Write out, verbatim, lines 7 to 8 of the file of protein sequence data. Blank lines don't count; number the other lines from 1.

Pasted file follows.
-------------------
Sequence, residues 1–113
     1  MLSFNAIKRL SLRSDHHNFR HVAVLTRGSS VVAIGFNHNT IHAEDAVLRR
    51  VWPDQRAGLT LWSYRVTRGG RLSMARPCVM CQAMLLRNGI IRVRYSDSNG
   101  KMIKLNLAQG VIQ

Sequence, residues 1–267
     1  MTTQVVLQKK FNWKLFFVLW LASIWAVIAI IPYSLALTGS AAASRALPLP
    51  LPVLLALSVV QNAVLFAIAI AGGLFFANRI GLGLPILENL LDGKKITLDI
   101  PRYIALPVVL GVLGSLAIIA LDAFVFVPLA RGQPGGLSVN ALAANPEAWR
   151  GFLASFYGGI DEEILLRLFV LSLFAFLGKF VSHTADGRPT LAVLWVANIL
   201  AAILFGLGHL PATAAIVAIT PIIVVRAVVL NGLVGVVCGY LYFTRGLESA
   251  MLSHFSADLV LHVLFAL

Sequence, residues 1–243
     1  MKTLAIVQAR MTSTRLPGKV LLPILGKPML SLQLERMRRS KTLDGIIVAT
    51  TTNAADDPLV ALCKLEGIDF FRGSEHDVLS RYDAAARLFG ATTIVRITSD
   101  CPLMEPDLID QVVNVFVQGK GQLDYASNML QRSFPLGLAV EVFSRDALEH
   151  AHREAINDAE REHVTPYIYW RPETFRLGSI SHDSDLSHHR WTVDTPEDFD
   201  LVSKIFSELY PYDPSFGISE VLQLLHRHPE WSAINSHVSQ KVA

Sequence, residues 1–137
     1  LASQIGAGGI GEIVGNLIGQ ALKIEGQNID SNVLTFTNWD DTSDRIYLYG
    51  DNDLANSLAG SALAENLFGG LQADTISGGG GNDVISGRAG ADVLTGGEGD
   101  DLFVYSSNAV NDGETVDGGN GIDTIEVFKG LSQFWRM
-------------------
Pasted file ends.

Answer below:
    51  LPVLLALSVV QNAVLFAIAI AGGLFFANRI GLGLPILENL LDGKKITLDI
   101  PRYIALPVVL GVLGSLAIIA LDAFVFVPLA RGQPGGLSVN ALAANPEAWR